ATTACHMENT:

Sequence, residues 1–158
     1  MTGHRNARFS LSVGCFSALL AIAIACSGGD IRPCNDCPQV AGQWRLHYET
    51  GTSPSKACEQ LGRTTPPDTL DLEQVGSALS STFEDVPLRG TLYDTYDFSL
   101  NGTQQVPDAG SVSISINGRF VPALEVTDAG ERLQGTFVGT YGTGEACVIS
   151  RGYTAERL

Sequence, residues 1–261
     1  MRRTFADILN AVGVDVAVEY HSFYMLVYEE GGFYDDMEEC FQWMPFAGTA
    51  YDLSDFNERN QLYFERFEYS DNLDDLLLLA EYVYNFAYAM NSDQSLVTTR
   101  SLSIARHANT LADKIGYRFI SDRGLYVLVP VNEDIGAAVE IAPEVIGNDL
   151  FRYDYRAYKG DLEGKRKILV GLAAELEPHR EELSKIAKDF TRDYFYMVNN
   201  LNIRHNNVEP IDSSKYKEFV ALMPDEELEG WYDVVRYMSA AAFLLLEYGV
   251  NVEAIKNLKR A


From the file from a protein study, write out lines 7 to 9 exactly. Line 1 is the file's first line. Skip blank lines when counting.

     1  MRRTFADILN AVGVDVAVEY HSFYMLVYEE GGFYDDMEEC FQWMPFAGTA
    51  YDLSDFNERN QLYFERFEYS DNLDDLLLLA EYVYNFAYAM NSDQSLVTTR
   101  SLSIARHANT LADKIGYRFI SDRGLYVLVP VNEDIGAAVE IAPEVIGNDL